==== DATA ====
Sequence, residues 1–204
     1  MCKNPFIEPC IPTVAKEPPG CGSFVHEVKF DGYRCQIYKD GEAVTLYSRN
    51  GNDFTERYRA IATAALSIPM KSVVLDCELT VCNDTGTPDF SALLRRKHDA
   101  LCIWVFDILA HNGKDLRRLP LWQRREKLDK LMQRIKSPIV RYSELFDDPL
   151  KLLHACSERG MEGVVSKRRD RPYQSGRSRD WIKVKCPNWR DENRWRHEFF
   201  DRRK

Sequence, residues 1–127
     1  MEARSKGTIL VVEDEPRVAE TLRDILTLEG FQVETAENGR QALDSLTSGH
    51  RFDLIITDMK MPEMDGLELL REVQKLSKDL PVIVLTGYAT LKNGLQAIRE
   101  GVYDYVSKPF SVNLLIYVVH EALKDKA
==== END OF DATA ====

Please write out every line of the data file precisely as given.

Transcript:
Sequence, residues 1–204
     1  MCKNPFIEPC IPTVAKEPPG CGSFVHEVKF DGYRCQIYKD GEAVTLYSRN
    51  GNDFTERYRA IATAALSIPM KSVVLDCELT VCNDTGTPDF SALLRRKHDA
   101  LCIWVFDILA HNGKDLRRLP LWQRREKLDK LMQRIKSPIV RYSELFDDPL
   151  KLLHACSERG MEGVVSKRRD RPYQSGRSRD WIKVKCPNWR DENRWRHEFF
   201  DRRK

Sequence, residues 1–127
     1  MEARSKGTIL VVEDEPRVAE TLRDILTLEG FQVETAENGR QALDSLTSGH
    51  RFDLIITDMK MPEMDGLELL REVQKLSKDL PVIVLTGYAT LKNGLQAIRE
   101  GVYDYVSKPF SVNLLIYVVH EALKDKA